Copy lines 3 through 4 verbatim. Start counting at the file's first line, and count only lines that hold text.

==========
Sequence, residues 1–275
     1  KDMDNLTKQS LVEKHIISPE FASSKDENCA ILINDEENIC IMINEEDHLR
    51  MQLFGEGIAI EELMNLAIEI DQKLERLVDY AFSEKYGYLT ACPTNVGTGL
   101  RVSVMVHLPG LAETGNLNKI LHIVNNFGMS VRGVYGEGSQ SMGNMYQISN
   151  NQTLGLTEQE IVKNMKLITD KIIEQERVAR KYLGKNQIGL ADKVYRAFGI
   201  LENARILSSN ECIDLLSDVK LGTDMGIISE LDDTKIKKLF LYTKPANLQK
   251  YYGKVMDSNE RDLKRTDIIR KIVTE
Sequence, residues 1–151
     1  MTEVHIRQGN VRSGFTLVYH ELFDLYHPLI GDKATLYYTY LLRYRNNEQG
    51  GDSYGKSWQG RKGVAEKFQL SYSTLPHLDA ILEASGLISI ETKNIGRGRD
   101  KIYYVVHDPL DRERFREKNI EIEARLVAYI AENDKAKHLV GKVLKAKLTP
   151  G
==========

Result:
    51  MQLFGEGIAI EELMNLAIEI DQKLERLVDY AFSEKYGYLT ACPTNVGTGL
   101  RVSVMVHLPG LAETGNLNKI LHIVNNFGMS VRGVYGEGSQ SMGNMYQISN